The epic poem Beowulf, written centuries ago by an unknown author, takes the reader back to a time of intense battles and raging monsters in the night. Many who have read this passage have taken note of the multiple references towards the Bible. This may imply that the author, who is unnamed, was a Christian of that time as well as others within that society. However, Beowulf contains many accounts of monstrous activity as well. It is possible that these references to Christian beliefs and the Bible are used to soften what is the gruesome content that these monsters within this story create.
One of the first accounts of biblical reference that the reader comes across is actually the introduction if the first monster by the name of Grendel. Grendel was a horrendous creature who only grew more and more irritated when citizens of the kingdom would come together in the mead-hall to share stories of amazing victories and glorious battles. This ties to religious content due to the relations of Grendel with his mother being, none other than, Cain herself. A descendant of Adam and Eve who murdered her sibling Abel through jealousy. Thus, creating one of the first connections to religion that the reader sees in this piece of literature. This was something that historians held on to even to this day. As one could imagine, it is most unfortunate that the author of this long surviving work is a mystery and every little detail to be found regarding the unknown poet is valuable.
Furthermore, Beowulf also prays to God throughout the poem. In most cases than others he is praying for protection and even speaks humbly of how God is the reason why he has won so many glorious victories. When Beowulf came into town to fight and defeat the evil monster known as Grendel many people were both amazed and grateful. “Now a man, with the Lord’s assistance, has accomplished something none of us could manage” (Beowulf, 938-940). If it was not for God, working in the favor of Beowulf, there is a great chance that he would not have walked away from that fight with his life. Beowulf recognizes this, and is grateful that the hand of God chose to protect him that night. Of course, this poem is an epic which means it is long in length and filled with much more monsters than just Grendel.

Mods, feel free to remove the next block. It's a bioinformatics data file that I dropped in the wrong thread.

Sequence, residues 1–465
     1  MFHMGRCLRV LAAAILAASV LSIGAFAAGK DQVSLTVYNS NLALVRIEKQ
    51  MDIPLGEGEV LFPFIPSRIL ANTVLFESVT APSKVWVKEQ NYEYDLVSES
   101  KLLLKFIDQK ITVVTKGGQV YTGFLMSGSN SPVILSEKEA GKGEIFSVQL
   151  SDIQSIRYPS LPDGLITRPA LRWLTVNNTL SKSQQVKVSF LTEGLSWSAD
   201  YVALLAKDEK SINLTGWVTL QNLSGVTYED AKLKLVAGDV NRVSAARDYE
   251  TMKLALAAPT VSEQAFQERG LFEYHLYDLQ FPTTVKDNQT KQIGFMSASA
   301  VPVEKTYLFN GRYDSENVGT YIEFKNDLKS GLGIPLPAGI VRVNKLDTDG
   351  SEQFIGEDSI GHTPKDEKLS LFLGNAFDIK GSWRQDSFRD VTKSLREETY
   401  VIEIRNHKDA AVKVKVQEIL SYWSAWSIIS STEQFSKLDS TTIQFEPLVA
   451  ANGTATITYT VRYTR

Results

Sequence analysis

Grendel’s mother, for one, is the next monster that is introduced to the reader in this poem. This is due to the vengeance that is left after Cain attacks the kingdom in rage from the death of her offspring Grendel. In doing so she kills King Hrothgar’s dear companion Eschere leaving Beowulf with yet another dangerous task to take on. In fact, Cain lives in an underwater lair. This was found only in the deepest part of the woods, far away, and surrounded with all kinds of other creatures. Thus, implying that, even though Grendel and Cain are only a few of the monsters we have heard of, there is indeed other dangerous creatures lurking about throughout the whole story. In the end, God decides to aid Beowulf in the fight against the demon who is Cain, granting him the victory followed by many rewards and praises. Years after this fight Beowulf faces his last encounter with a mighty beast, this time a dragon.